Author Archives: jtellerelsberg

Cheap justice (habeus corpus too expensive for GOP)

My wife and I wrote a letter to the editor of our local paper yesterday. Out of respect for the paper’s request that submitted letters be otherwise unpublished, I won’t copy it here, but I will spell out some of what we were writing about.

So it started with an article about the recently successful filibuster by Senate Republicans, to prevent a vote on a bill that would allow Guantanamo Bay detainees, and other prisoners in the “war on terror,” to have access to the court system for review of their cases; that is, to return to them the right of habeus corpus that was stripped in previous legislation. (We read it in our local Valley News, but it was originally from the Washington Post.)

A Republican filibuster in the Senate yesterday shot down a bipartisan effort to restore the right of terrorism suspects to contest in federal courts their detention and treatment, underscoring the Democratic-led Congress’s difficulty with terrorism issues.

The detainee rights amendment was an effort to reverse a provision in last year’s Military Commissions Act that suspended the writ of habeas corpus for terrorism suspects at the military detention facility at Guantanamo Bay, Cuba, and other offshore prisons.

The authors of last year’s bill said that advocates of such rights would open the federal courts to endless lawsuits from the nation’s worst enemies. “To start that process would be an absolute disaster for this country,” said Sen. Lindsey O. Graham (R-S.C.), an Air Force Reserve lawyer who was instrumental in crafting the provision in question in last year’s bill. …

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Yesterday’s rate cut by the Fed

As was more-or-less expected, if not exactly at that precise moment, the Federal Reserve has cut both the “discount (interest) rate” and its target for the “federal funds (interest) rate.” Most stock markets around the world have reacted with big increases. Does this mean a rising tide for the foreseeable future and beyond? A couple of responses from outside the cheerleader squad.

Dean Baker: ‘…According to much of the coverage, the markets soared yesterday because they are now confident that Bernanke will move aggressively to try to counteract a recession. A bit of history would have been useful to include in this context…’

Jennifer Waters, MarketWatch: ‘…”It will help those who need it the least,” said Richard Hastings, an analyst at Bernard Sands LLC. “But for those who need the most help, this does nothing for them. The Fed cannot help them at all.”…’

econospeak on carbon tax / permits

Peter Dorman at Econospeak has a good conversation going on the advantages of controlling carbon emissions through auctioning off limited permits rather than using a tax on consumption of carbon fuels. Naturally, this reminds me of my implied plug for permits in my review of Peter Barnes’ Capitalism 3.0 [parts 1 and 2]. Regardless, Dorman is on the money when he concludes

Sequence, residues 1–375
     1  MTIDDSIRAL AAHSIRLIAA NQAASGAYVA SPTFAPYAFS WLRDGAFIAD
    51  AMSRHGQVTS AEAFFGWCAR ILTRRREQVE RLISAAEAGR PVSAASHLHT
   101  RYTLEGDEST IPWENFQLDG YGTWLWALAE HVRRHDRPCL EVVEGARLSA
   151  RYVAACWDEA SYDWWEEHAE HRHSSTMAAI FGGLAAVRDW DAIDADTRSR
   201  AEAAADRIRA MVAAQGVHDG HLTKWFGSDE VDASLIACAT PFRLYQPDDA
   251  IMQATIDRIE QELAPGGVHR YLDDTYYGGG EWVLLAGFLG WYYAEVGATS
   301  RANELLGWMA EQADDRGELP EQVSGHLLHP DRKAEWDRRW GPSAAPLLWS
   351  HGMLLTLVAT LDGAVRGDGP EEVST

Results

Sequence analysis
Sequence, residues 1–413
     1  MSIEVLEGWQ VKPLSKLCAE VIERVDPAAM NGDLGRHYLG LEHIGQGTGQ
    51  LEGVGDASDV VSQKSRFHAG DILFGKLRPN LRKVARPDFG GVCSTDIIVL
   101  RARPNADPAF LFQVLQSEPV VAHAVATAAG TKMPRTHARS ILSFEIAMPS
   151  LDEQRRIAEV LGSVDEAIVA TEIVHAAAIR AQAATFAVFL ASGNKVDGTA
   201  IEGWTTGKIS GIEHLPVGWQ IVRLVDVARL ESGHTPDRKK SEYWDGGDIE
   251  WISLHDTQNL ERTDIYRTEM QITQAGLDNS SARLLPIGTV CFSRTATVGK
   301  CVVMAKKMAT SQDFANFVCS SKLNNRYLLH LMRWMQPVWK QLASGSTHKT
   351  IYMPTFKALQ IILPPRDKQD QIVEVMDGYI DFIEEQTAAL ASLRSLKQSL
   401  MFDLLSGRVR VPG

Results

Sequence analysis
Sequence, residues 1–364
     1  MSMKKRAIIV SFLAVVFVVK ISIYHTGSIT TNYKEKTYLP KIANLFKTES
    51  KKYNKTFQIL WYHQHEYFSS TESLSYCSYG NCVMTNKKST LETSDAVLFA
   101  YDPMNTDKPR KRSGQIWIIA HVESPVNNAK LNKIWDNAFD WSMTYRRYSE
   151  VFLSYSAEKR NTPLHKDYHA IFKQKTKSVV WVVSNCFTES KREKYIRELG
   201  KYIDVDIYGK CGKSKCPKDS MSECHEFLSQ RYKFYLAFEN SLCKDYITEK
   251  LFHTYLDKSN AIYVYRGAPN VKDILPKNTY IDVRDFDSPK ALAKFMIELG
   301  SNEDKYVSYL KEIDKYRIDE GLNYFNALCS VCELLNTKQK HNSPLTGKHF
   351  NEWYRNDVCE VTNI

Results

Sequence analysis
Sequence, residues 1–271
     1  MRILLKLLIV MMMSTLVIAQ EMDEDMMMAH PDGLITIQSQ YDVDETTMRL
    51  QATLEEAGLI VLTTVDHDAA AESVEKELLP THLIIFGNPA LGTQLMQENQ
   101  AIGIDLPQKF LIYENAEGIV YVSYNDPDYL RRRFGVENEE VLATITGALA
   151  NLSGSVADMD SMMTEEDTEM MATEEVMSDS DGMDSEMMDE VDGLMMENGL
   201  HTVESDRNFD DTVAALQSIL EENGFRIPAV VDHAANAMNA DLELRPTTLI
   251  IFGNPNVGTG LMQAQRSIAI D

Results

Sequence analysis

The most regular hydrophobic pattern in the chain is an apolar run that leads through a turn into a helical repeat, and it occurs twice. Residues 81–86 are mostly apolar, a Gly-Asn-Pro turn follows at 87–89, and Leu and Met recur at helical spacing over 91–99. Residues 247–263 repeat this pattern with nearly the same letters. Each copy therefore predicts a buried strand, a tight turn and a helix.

Folks, this is a very important issue at a very important time. In the next year the contours of the national debate over climate change policy will be set. Huge ecological consequences — and gobs of cash — are on the line. It is essential to start off in the right direction. I’d like to see enough clarity and truculence in the activist community that journalists are forced to take notice.

On Freeman Dyson’s “Our Biotech Future”

In last month’s New York Review of Books, Freeman Dyson leads off with an essay on “Our Biotech Future“. He predicts that biotechnology will, in this new century, become relatively cheap and widespread in a similar way to the cheapening and spreading of physics-based and computer technology over the past several decades.

It has become part of the accepted wisdom to say that the twentieth century was the century of physics and the twenty-first century will be the century of biology. Two facts about the coming century are agreed on by almost everyone. Biology is now bigger than physics, as measured by the size of budgets, by the size of the workforce, or by the output of major discoveries; and biology is likely to remain the biggest part of science through the twenty-first century. Biology is also more important than physics, as measured by its economic consequences, by its ethical implications, or by its effects on human welfare.

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On the one hand… on the other hand… on both together

Heterodox Economist reminds us of a useful point: Wall Street types might deserve to eat a bear market in some sense of getting their just deserts, but the connections between the financial world and the rest of the economy (including millions of working stiff jobs, etc) mean that the bear is likely to be shared around with plenty of people who don’t deserve the downside. The system as we know it is rigged in favor of the owners. Because they own, they cannot be allowed to suffer for their suffering trickles down much faster than any of their advantages. He also talks about Rosa Luxemburg, which is cool.

Uneconomic: marriage and civil union stuff